By Len Lazarick
Margaret Flowers probably got more coverage from being hauled off the stage by campus cops at the University of Baltimore last week than she did in a whole year of campaigning for U.S. Senate.
Flowers was protesting her exclusion from what was likely the one and only TV debate in the race to replace Barbara Mikulski, that demure and dainty lady from Fells Point.
The irony was that Flowers, about as unthreatening as most pediatricians, was being shut out by the League of Women Voters, founded to give women the right to vote; a public university; a publicly licensed TV station; and that “Light for All” daily newspaper, the Baltimore Sun.
The reason? She had met all the criteria for inclusion, but she wasn’t scoring at least 15% in polls.
As the Green Party nominee, she has been given equal treatment on millions of ballots printed up by the state Board of Elections. But when it comes to actually telling you anything about her quixotic quest, well, the less said the better.
It was just another example of the power of the two-party duopoly in Maryland and national politics. The Democratic and Republican parties do everything in their power to keep people like Flowers off the ballot and off the air.
The media is complicit in this power play, including MarylandReporter.com. Our news website does a daily roundup from many news sources. Most of those news sources have treated Flowers as an afterthought.
MarylandReporter.com did cover the only forum in which the three Senate hopefuls appeared together and were given equal treatment three weeks ago. But no other reporters were there at this Saturday morning event at a black Baptist church in Columbia.
What might have Flowers have said if she had been allowed to participate in Wednesday’s debate? Fortunately, voters don’t have to imagine that at all.
The Baltimore based Real News Network interviewed Flowers the next day, and asked her a few of the same questions that went to Republican Kathy Szeliga and Democrat Chris Van Hollen, who by the way, did agree to have Flowers participate, but still went on without her. The video leads off with Flowers ejection from the stage, shouting all the way; and she answers questions on health care, Syria, college debt (she favors free higher education), police brutality, the Trans-Pacific Partnership (all three oppose it) and many others sent in by viewers.
Throwing herself into it
Flowers, 54, a graduate of University of Maryland Medical School, gave up practicing medicine 10 years ago.
“Once you start getting in advocacy, you have to throw yourself into it pretty completely to be successful,” she said in an interview over coffee at the Double T diner in Catonsville on Friday.
“I’m really interested in shifting political power,” Flowers said. She got into political activism by working to promote universal health care and a single-payer system, what she prefers to call Medicare for all.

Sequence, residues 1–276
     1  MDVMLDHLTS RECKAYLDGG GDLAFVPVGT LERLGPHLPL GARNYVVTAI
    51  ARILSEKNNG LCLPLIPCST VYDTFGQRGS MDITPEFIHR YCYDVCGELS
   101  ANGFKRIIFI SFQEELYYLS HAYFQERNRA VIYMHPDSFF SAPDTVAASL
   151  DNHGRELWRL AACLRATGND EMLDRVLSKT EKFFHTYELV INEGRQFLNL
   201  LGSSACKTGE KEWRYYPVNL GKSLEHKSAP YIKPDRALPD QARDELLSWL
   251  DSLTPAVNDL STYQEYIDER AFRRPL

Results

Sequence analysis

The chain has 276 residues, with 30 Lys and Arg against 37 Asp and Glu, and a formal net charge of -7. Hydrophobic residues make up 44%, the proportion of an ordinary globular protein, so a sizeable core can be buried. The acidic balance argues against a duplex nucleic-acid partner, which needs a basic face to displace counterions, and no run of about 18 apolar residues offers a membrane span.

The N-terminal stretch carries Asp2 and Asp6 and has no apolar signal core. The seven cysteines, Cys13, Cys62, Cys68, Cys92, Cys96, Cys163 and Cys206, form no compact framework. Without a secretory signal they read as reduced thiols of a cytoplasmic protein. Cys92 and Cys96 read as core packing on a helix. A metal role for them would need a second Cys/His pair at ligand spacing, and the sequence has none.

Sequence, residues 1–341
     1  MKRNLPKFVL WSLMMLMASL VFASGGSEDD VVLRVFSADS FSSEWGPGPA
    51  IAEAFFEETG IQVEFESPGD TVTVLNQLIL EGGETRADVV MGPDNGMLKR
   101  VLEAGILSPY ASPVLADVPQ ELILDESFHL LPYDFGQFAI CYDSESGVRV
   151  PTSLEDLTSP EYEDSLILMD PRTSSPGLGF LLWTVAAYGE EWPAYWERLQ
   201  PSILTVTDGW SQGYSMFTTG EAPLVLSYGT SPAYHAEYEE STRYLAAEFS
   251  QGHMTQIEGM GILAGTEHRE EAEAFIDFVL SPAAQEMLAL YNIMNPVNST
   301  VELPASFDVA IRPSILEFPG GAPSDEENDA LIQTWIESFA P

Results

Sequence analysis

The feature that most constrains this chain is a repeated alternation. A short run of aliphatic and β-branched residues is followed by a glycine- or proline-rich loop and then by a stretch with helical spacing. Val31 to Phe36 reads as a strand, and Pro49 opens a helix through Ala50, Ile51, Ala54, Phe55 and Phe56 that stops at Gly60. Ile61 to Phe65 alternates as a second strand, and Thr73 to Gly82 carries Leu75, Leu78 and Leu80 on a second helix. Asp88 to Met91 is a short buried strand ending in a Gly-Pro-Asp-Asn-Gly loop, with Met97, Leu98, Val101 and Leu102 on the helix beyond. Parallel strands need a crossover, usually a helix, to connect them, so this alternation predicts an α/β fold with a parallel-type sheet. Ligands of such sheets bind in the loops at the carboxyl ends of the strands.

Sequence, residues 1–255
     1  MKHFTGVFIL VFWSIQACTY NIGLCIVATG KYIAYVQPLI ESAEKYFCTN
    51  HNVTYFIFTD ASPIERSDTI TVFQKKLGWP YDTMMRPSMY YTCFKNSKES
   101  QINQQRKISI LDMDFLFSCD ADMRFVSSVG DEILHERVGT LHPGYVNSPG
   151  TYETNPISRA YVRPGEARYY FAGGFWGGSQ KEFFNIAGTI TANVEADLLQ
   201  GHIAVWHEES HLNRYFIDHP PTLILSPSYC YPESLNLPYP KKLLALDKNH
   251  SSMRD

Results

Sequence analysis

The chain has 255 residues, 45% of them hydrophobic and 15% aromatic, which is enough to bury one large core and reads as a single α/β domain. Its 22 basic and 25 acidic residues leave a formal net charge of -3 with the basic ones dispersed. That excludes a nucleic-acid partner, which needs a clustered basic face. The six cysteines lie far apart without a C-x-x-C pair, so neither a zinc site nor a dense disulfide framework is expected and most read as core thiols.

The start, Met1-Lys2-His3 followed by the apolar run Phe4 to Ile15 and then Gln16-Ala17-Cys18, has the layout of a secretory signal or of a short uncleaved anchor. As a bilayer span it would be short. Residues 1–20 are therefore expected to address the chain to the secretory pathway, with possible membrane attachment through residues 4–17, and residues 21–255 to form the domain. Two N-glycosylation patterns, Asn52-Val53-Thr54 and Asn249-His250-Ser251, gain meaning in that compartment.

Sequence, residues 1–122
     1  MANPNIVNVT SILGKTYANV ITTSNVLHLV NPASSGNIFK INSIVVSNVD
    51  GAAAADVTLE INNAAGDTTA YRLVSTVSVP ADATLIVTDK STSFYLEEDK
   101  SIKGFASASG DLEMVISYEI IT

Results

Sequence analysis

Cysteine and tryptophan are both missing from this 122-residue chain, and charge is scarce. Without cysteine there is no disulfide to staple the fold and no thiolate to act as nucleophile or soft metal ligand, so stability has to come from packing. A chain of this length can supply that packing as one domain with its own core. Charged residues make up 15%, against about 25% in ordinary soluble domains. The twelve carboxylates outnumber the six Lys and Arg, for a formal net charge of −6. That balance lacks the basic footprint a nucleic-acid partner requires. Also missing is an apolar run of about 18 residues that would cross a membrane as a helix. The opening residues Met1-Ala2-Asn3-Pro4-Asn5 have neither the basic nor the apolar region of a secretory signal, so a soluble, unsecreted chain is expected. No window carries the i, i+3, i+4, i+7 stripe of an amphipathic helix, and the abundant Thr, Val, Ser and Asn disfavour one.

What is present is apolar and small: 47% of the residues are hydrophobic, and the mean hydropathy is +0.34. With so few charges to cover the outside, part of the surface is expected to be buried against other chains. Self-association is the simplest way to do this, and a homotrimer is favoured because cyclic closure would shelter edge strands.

“This [current] system is not working, we’re losing doctors, people are not getting they health care they need,” Flowers said. “It really serves the wealthy interests.”
Her first act of civil disobedience came at a Senate Finance Committee hearing in 2009 when committee chairman Max Baucus (now ambassador to China) refused to schedule witnesses on the public option in the Affordable Care Act — health insurance directly from the government, like Medicare.
Flowers said she does not advocate government-controlled health care. She wants it “publicly financed, but privately delivered.”
This is “the most cost efficient way to pay for health care” and gives people more choices, because all providers would be part of the system, not the “narrow network” of doctors that insurance companies now provide.
“We have to see health care as a part of the whole economic justice movement,” Flowers said. “I can’t be a doc in this system. It is failing. We need to work to change it.”
“The wealth divide is one of our biggest health care problems” and is the cause of “the greatest disparity” in health outcomes.
Plutocracy for the wealthy
She was also part of movement pushing for net neutrality, the concept that everyone should have equal access to the Internet regardless of their usage or ability to pay.
Running for the U.S. Senate, her first stab at political office, is part of building a political movement for economic justice to counter the growing wealth divide, growing poverty and growing personal debt.
“Our political system is a plutocracy. It is for the wealthy,” Flowers said.
So she’s a Communist?
“I get that all the time,” Flowers said. “I’m for identifying what the problems are and what works.”
“I’m not advocating for communism. We need a system so that people can meet their basic needs,” Flowers said. “When someone says I’m a communist, I say I’m a realist. The system isn’t working.”
For instance, she advocates putting public funds, such as taxpayer dollars, into a public bank that serves the public, not the huge commercial banks that dominate the economy. North Dakota has had such a public bank since 1919.
Not a communist, not a socialist
So you’re not communist, but you are a socialist, right?
“No, I’m not a socialist,” Flowers said “Some of our institutions need to be public institutions when they serve the public good,” such as public libraries, public schools and fire departments.
“I’m for what actually works,” she said, and the current economy doesn’t work for everyone.
Flowers doesn’t expect to come close to winning the election. “People don’t usually win their first time,” she laughs. “This is about building a platform for issues.”
There are 13 Green Party candidates across Maryland, and she said many have run strong campaigns, such as Joshua Harris running for Baltimore mayor.
“Voting for Democrats or Republicans is not going to bring the change that we need,” Flowers said.